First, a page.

Tuesday, May 30, 2006

Are You Into LOHAS? Are You LOHASIAN?

This is a new one to me, and I thought I was pretty plugged-in to silly marketing stuff. Here is an article from BeliefNet, to be followed by a list of what's groovy with the LOHAS crowd.
It's a Lohasian moment. The term for these 21st-century New Agers derives from an acronym created by marketers on the West Coast—LOHAS, as in Lifestyles of Health and Sustainability. The movie "The Celestine Prophecy" is opening, based on the 1993 book that may be the most popular alternative-spirituality book of the last few decades. Next comes the film version of Dan Millman's book "Way of the Peaceful Warrior," about a lost young gymnast who is guided through a mystical transformation by a wise mentor. And Al Gore's movie on global warming, "An Inconvenient Truth," is bound to be popular with the ecologically minded Lohasians.

LOHAS consumers (or Lohasians, as they're called at Beliefnet), represent 17 percent of the U.S. population, according to a report released by the Natural Marketing Institute at a LOHAS conference last month in Santa Monica, Calif. The study said Lohasians are "dedicated to personal and planetary health." Seventy-three percent bought recycled paper goods, and 71 percent bought natural or organic "personal care" products. They pay more to get foods without pesticides and want their cars fuel-efficient.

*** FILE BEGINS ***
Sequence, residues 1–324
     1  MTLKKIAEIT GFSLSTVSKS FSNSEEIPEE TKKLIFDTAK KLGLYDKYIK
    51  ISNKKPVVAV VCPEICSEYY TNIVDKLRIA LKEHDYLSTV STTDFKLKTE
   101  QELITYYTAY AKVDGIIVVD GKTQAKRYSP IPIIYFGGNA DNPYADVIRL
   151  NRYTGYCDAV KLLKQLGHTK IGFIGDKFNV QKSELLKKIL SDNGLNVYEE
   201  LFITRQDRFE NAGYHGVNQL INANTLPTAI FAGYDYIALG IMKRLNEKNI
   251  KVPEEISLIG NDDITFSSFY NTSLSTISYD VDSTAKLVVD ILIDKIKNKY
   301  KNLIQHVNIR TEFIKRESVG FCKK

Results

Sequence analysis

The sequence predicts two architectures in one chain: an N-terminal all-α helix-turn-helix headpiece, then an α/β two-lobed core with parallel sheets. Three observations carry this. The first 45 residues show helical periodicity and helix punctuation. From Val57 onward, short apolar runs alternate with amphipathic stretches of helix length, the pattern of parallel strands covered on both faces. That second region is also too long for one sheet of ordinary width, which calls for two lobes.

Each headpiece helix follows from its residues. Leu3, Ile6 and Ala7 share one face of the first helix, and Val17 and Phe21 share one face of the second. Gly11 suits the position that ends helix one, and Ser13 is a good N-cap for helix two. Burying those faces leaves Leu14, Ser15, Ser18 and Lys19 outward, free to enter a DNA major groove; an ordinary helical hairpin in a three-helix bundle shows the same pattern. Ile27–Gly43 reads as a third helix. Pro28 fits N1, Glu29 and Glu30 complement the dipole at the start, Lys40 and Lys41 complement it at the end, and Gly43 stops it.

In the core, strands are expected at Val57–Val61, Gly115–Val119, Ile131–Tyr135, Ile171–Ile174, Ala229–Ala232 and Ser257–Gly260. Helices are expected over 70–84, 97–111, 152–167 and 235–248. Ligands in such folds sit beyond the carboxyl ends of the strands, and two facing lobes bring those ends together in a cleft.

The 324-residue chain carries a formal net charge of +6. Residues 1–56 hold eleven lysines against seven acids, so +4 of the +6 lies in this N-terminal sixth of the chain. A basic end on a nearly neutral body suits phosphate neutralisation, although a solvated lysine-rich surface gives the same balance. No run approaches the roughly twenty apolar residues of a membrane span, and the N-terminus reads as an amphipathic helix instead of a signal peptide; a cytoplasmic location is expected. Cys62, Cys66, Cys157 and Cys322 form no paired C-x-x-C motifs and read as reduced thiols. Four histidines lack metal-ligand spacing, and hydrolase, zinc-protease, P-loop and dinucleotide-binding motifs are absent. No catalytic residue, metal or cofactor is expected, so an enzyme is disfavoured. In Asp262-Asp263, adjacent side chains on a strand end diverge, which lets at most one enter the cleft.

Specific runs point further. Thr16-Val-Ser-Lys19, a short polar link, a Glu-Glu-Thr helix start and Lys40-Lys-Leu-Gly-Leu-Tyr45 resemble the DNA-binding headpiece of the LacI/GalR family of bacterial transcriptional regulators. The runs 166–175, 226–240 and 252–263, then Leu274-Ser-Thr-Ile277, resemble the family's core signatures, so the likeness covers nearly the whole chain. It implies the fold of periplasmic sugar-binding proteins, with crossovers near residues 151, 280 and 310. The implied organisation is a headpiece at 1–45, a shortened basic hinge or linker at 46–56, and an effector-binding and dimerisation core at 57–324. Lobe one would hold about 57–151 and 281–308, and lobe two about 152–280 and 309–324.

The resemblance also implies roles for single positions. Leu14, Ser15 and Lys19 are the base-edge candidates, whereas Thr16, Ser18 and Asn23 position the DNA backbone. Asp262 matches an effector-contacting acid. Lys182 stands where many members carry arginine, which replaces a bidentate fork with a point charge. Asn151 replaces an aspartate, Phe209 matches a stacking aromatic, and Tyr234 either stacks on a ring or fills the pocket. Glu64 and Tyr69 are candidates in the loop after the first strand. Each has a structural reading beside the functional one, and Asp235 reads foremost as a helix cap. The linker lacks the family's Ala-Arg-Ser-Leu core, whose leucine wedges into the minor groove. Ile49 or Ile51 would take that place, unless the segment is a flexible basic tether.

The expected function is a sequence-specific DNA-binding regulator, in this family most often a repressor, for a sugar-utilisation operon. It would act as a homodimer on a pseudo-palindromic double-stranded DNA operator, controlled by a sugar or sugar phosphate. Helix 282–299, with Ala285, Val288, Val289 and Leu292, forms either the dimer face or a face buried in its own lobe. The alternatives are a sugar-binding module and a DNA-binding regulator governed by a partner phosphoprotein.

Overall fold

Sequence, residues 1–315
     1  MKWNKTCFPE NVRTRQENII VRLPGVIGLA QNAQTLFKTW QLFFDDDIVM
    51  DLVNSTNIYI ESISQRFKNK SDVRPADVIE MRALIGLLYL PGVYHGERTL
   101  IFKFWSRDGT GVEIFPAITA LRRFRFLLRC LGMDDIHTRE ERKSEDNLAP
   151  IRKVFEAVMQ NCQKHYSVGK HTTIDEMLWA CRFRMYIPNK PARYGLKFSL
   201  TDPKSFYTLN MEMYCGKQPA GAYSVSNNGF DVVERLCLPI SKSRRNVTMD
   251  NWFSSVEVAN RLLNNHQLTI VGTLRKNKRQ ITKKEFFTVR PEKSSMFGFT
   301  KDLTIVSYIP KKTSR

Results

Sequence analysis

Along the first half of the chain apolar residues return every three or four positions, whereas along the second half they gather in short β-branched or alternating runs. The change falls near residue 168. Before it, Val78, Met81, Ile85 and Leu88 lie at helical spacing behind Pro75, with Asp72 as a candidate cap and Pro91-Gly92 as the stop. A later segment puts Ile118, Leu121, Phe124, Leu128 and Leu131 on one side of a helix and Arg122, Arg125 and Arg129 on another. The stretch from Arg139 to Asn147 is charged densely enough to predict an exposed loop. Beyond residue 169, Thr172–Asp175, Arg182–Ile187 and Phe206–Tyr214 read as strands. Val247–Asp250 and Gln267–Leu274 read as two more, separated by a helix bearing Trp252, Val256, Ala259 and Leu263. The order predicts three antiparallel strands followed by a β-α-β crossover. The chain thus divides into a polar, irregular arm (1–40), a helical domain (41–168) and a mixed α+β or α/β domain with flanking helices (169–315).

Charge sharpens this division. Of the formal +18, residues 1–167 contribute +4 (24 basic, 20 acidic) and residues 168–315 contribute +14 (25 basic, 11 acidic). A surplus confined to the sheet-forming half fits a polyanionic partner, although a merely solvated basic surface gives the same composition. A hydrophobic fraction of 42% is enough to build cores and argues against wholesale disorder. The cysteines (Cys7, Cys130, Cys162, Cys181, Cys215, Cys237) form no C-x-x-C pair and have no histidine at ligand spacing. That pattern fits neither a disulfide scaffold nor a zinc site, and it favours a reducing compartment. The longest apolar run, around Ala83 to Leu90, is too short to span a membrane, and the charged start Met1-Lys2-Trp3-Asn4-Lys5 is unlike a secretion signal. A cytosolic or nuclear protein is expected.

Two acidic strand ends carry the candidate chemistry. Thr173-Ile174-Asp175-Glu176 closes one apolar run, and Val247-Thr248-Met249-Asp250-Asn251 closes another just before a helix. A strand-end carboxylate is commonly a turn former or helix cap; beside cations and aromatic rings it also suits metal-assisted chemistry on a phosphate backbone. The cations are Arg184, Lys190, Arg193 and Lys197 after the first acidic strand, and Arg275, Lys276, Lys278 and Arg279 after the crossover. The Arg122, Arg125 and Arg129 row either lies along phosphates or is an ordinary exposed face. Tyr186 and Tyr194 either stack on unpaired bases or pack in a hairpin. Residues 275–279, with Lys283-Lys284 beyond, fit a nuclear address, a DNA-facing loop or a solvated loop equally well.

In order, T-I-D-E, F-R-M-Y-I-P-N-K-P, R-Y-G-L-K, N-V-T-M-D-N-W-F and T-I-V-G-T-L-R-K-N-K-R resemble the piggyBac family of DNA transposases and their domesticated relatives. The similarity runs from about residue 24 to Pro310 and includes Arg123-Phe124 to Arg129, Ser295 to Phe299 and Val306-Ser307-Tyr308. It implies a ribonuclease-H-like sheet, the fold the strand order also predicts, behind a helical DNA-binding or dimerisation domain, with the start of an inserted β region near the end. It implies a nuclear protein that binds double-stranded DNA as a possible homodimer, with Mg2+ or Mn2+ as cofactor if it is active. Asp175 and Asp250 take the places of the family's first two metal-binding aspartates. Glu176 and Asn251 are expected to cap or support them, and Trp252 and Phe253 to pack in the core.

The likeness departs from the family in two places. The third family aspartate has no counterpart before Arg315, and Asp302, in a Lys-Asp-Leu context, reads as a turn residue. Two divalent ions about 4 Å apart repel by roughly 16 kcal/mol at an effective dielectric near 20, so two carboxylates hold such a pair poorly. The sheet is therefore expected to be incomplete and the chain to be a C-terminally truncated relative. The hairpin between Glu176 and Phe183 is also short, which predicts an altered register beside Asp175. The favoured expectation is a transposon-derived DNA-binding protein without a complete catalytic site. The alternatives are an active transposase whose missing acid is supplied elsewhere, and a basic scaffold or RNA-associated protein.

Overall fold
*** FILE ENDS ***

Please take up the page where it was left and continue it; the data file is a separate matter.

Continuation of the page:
Among the products and services offered at the conference this year were detoxifying pine oil, organic body lotion, ecofriendly spas, and recycled-cashmere sweaters. A decade ago, one attendee said, the conference vendor room offered only "broccoli and tomatoes." Lohasians shop just as widely for spiritual practices. From Buddhism: meditation and admiration of "nothingness." From Hinduism: yoga, gurus, color and chanting. From paganism: an emphasis on honoring nature. From Asian cultures: feng shui and acupuncture. Lohasians devour heaping doses of Western psychotherapy, plus the ideas of the recovery movement ("one day at a time"). They identify as "spiritual, not religious," and many believe in "synchronicity" or "meaningful coincidences" that might be guided by a spirit world.

Does this sound like someone you know? If you have a yoga mat and "singing bowls," if you chant or do polarity therapy or energy healing, if you consume goji berries or biodynamic organic wines, you just might be a Lohasian.
So, are you LOHASIAN? Leave it to markerters to create false categories so as to pigeonhole people and reduce them to types. Many of the things on the list are admirable choices (environmentalism, recycling, organic foods, spiritual practices, and so on.

So here are some things LOHASIANS purchase or support:

A chunk of
amethyst to clear negative energy.
Yoga mat
Exercise ball
Essential oils
Non-toxic cleaning supplies
Natural cosmetics and bodycare
Neti pot
Mini trampoline
Skin brush

Solar-power--not just for houses anymore.
Green building
Violence on TV
The rainforest
Solar energy
Sweatshop-free labor
Organics—cotton, flowers, food

Floating massage at Harbin Hot Springs
Tai Chi
Chi Kung
Feng Shui
Thai Massage
Polarity therapy/Energy healing
Stress reduction

Reduce, Reuse, Recycle: a fundamental Lohasian mantra.
"You create your own reality."
"Everything happens for a reason."
"My religion is kindness." (-the Dalai Lama)
"God is everywhere."
"We're all one."
"Reduce, reuse, recycle."